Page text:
Article 12: When on the street, pedestrians, carts and various vehicles shall stay to the right when passing each other; furthermore, taxis for hire (kūsha) should yield to taxis with passengers (jissha).
When passing carts or other vehicles, pass to the left.
Article 15: In urban areas, buildings along the streets shall have gutters or downspouts on their eaves upon directives of the police. Front aprons shall be placed at the drain openings of the downspouts.
Article 16: In urban areas, appropriate devices shall be placed when transporting materials that have the risk of falling, scattering, or leaking, When transporting bamboo, wood, or similar items that could cause harm to pedestrians, preventative measures shall be taken.
Article 17: In urban areas, when vehicles or other items are parked temporarily, they shall be parked on the side of the street so as not to cause traffic inconveniences. If a large item must be placed on the side of the street at night, the police station shall be notified, measures to prevent danger shall be taken, and a sign shall be attached.
Article 18: In urban areas, drivers of ox carts shall hold the leash shorter than 3 shaku (90cm) from the bridle.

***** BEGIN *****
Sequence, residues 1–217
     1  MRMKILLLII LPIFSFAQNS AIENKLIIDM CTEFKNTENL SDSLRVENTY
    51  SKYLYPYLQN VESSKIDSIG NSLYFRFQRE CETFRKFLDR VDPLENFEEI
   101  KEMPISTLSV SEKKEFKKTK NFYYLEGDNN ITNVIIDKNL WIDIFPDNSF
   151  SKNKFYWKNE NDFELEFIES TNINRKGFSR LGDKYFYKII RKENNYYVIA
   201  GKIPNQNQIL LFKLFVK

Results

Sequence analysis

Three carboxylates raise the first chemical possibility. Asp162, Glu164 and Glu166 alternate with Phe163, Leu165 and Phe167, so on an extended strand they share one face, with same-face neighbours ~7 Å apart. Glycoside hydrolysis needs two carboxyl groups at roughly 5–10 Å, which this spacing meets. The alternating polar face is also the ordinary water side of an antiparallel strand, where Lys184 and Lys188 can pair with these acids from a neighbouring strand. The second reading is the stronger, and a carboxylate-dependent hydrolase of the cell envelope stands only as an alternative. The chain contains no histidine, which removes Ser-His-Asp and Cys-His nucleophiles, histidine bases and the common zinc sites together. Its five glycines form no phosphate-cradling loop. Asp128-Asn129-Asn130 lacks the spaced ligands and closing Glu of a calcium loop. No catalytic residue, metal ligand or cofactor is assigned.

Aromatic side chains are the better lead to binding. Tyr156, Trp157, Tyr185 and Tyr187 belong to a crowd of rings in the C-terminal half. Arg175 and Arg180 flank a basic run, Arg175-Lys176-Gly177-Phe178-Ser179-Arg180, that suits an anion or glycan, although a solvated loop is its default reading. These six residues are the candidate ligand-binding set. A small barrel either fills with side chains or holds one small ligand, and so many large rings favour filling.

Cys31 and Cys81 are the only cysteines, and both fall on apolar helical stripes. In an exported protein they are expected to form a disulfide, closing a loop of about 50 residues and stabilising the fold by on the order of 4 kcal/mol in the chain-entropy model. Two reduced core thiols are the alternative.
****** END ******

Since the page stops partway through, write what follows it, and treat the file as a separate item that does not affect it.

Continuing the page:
Article 19: The following shall not be permitted in streets:
1) having eaves or anything sticking out into the street
2) letting cows, horses, or other animals that need leashes off-leash in the streets
3) dumping or scattering refuse, dirty mud, or sewage, or any other nightsoil-like items into the street
4) putting out, along, or on the street any distasteful advertisements or signs that disturb and harm the peace or social manners
Article 20: In urban areas, the following shall not be done in the streets:
1) playing with fire, throwing stones, or any other dangerous acts
2) allowing kids under five to walk around without a guardian
3) playing in the streets or allowing children to play in the streets after being ordered not to by the police or military officers:
4) randomly parking animals or vehicles
5) driving motor vehicles, riding bicycles, or riding horses for practice